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The Dean Tavern - A Gothenburg Experiment


The Dean Tavern and the village of Newtongrange are inextricably connected and I have attempted to record their joint history side by side. It seemed appropriate to include a section on the early history of coal mining in the area, as well as a chapter on previous local drinking establishments. There is even a chapter on the Bottom Shop!

I have often been asked how the Dean got its name and also how Murderdean Road got its name. The two are connected but I cannot claim to have solved the mystery. Murderdean is the name of the burn that runs beside the road. The 'dean' part of it is Anglo Saxon meaning a wooded valley. I had a theory that the 'murder' part of it was a corruption of Muirton, as there was a place near here called Muirtondean in the 17th century, but now I am not so sure. It is certain that the name of the first Lothian Coal Company housing scheme, Deanpark, begun in 1898, was derived from Murderdean. The first three houses in the scheme were set aside for the Coal Company public house and it was named the Dean Tavern after Deanpark.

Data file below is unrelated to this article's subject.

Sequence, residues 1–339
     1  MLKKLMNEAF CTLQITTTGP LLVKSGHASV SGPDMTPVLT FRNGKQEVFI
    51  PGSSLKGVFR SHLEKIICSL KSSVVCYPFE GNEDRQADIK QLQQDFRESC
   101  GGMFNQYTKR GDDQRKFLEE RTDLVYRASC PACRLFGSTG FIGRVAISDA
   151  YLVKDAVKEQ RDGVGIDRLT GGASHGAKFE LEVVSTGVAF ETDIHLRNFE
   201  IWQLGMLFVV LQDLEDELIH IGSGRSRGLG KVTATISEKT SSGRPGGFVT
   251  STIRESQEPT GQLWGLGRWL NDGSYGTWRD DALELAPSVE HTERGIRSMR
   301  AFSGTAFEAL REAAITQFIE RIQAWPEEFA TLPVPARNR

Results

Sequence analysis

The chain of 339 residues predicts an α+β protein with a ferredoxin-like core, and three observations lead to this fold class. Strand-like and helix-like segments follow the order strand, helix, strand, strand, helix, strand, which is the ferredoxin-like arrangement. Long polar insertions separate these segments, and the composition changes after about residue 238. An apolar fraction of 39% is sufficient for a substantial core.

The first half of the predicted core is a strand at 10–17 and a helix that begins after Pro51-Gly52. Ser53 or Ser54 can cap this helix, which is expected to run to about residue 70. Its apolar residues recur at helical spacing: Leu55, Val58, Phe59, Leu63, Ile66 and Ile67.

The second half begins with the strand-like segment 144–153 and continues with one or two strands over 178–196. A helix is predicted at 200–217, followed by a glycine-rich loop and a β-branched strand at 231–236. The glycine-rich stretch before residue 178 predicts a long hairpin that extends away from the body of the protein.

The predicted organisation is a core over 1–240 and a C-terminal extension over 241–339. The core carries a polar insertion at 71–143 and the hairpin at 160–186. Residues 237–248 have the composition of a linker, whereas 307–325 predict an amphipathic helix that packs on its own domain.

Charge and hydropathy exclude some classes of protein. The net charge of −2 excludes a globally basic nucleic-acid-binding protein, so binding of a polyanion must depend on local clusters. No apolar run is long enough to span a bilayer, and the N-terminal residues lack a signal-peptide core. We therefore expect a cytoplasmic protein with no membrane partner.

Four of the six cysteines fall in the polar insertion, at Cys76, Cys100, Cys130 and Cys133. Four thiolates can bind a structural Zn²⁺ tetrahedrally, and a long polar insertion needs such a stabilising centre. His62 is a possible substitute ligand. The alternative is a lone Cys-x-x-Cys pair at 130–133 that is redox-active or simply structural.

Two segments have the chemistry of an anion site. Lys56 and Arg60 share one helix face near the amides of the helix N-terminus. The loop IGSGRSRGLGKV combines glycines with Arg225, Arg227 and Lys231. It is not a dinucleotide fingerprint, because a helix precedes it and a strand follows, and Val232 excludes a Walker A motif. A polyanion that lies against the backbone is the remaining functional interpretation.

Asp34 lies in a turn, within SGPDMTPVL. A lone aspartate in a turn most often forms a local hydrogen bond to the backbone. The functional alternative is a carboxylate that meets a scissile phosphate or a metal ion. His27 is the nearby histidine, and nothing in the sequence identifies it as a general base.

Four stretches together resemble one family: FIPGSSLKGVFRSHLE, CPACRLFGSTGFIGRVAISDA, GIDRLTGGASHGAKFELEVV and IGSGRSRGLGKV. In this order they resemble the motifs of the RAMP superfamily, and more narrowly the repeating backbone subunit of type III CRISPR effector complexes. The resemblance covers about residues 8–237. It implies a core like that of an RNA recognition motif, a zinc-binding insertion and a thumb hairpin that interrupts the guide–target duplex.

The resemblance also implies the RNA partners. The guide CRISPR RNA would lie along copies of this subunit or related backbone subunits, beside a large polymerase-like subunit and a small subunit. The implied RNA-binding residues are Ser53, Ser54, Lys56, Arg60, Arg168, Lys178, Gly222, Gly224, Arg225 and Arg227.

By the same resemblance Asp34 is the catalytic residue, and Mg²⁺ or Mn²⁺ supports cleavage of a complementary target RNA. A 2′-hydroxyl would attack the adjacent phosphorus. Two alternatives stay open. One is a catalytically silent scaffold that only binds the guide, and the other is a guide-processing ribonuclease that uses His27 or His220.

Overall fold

Until 1900, the name of the village was written as two separate words and I have used die form 'Newton Grange' until that date and 'Newtongrange' thereafter. Of course, 'Nitten' is the local nickname for the village and has been for a long time. An 18th century map calls the place 'Nooton', maybe that is an early form of Nitten.

I have received enormous help and co-operation from the people of Newtongrange in researching this book and I am very grateful to everyone. A full list of acknowledgements appears at the end of the book. I would particularly like to thank Jim Green, Willie Yuill, Joe Gardiner, Jim Barton, Bob Ross and Jim Reid for their help. The meticulous research carried out by Mike Rottenly, when he worked at the Mining Museum has proved invaluable. The maps used are reproduced by permission of the National Library of Scotland. Extracts from the Dalkeith Advertiser are reproduced by permission of the British Library and Scottish County Press. Dalkeith.

Cover - Contents - Foreword - Introduction - Appendices - Photographs & Illustrations

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